It is important to remember that this research is still being carried out in laboratories and may still be years away from clinical use in patients, however it should provide tools for developing gene therapies for sickle cell disease and a variety of other blood disorders.
The disease is caused by a single DNA letter change in the gene for adult hemoglobin, the principle protein in red blood cells needed to carry oxygen. In people who inherit two copies—one from each parent—of the genetic alteration, the red blood cells are sickle-shaped, rather than round. The misshapen red blood cells clog blood vessels, leading to pain, fatigue, infections, organ damage, and premature death.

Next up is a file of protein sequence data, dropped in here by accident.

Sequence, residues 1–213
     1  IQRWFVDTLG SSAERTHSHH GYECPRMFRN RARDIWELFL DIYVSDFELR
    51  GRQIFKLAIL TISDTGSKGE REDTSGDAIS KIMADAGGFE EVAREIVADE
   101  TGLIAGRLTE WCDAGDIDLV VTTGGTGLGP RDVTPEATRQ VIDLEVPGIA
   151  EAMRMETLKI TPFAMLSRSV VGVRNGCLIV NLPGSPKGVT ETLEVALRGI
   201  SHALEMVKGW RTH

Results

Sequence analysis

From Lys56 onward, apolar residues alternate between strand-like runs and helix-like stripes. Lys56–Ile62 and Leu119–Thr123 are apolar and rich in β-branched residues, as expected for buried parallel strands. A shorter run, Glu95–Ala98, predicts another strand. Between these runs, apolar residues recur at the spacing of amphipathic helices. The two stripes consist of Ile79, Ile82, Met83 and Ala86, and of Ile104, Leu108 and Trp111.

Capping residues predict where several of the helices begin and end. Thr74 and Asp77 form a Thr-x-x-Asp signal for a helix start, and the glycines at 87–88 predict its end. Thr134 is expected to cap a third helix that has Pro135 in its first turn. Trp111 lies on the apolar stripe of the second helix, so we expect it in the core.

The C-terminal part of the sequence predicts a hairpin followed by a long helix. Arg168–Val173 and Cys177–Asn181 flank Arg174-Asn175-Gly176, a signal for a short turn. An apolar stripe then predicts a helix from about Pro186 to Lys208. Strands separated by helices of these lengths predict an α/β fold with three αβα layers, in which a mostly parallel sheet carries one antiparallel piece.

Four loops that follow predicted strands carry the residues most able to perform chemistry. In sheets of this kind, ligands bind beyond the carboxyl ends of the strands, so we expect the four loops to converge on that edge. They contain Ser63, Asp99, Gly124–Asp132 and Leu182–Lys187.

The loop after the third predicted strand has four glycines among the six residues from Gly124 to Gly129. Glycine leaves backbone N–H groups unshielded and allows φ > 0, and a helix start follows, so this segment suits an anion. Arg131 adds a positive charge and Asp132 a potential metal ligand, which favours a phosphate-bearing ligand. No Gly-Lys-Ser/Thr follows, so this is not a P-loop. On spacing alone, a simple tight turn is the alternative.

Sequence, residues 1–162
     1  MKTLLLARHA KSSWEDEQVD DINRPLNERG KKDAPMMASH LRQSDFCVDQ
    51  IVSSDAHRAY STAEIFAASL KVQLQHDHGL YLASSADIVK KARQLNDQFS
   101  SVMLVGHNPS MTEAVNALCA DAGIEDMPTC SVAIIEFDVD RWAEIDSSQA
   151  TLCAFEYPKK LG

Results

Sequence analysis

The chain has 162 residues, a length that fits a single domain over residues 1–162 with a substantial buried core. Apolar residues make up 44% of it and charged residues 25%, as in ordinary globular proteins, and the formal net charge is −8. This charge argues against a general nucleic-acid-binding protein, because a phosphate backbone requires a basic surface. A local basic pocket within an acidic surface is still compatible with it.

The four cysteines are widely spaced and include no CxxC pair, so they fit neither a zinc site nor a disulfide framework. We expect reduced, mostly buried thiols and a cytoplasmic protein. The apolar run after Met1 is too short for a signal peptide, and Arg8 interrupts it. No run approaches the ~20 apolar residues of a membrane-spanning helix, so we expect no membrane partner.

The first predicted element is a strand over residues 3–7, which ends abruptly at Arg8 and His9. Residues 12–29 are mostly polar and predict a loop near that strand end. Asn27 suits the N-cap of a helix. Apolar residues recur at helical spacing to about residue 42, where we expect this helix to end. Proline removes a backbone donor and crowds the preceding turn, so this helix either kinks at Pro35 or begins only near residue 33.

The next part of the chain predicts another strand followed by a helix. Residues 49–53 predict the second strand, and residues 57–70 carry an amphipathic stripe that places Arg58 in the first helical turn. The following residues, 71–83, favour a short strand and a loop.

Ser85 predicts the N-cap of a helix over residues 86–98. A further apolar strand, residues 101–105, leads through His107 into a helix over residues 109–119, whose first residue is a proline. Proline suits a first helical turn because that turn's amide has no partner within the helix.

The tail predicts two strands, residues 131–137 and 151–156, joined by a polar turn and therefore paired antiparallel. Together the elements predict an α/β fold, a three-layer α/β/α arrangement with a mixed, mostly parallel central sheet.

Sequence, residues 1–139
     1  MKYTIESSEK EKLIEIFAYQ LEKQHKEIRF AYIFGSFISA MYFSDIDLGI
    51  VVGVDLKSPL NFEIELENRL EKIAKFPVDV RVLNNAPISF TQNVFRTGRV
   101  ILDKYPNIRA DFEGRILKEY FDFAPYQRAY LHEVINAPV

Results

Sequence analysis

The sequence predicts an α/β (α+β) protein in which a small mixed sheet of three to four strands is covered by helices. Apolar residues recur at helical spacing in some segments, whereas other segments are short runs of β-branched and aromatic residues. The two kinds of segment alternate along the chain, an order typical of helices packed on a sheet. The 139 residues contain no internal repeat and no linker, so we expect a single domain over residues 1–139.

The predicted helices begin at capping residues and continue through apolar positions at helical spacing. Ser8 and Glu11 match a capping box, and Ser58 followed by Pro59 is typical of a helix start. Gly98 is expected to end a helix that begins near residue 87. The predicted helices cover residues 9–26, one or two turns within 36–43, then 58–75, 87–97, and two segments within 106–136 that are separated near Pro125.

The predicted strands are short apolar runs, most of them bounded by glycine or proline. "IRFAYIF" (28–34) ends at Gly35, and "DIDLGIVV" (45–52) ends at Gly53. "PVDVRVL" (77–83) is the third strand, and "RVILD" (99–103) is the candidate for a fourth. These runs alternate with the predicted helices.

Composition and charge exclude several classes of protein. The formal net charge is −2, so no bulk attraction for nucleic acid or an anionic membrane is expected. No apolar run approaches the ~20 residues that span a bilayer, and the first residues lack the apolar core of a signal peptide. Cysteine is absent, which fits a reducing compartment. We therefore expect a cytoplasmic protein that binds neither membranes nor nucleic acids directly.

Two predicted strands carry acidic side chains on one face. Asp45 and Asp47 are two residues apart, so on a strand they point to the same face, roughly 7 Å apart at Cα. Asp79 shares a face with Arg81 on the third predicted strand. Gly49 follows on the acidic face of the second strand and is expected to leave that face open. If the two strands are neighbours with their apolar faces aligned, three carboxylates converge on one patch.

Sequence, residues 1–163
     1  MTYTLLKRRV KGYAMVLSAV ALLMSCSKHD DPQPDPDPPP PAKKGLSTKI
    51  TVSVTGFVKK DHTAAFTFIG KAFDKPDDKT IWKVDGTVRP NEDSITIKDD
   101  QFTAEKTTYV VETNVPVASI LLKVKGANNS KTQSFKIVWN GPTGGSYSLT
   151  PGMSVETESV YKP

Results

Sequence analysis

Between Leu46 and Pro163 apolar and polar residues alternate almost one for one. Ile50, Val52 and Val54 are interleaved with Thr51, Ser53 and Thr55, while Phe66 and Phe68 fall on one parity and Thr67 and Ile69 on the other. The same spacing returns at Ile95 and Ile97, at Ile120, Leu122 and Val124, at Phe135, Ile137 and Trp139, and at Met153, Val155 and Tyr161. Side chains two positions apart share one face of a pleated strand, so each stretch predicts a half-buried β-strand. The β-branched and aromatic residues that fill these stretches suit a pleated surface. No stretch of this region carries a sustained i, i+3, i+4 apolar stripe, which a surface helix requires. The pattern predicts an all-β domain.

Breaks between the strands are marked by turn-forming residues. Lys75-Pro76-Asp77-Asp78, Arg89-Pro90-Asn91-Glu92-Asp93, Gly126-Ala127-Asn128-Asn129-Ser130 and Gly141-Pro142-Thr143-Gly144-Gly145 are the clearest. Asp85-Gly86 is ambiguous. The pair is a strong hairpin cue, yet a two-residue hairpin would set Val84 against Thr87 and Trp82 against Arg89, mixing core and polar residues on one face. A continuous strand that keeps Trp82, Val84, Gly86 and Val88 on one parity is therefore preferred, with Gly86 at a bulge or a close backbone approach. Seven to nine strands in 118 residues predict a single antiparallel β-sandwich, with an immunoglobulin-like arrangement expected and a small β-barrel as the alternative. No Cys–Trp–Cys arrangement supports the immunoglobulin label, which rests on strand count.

Using one adult patient as their first case, the researchers first isolated the patient’s bone marrow cells. After generating induced pluripotent stem (iPS) cells—adult cells that have been reprogrammed to behave like embryonic stem cells—from the bone marrow cells, they put one normal copy of the hemoglobin gene in place of the defective one using genetic engineering techniques. (see wacky scientist)
In their process, his team converted the corrected iPS cells into immature red blood cells by giving them growth factors. Further testing showed that the normal hemoglobin gene was turned on properly in these cells, although at less than half of normal levels.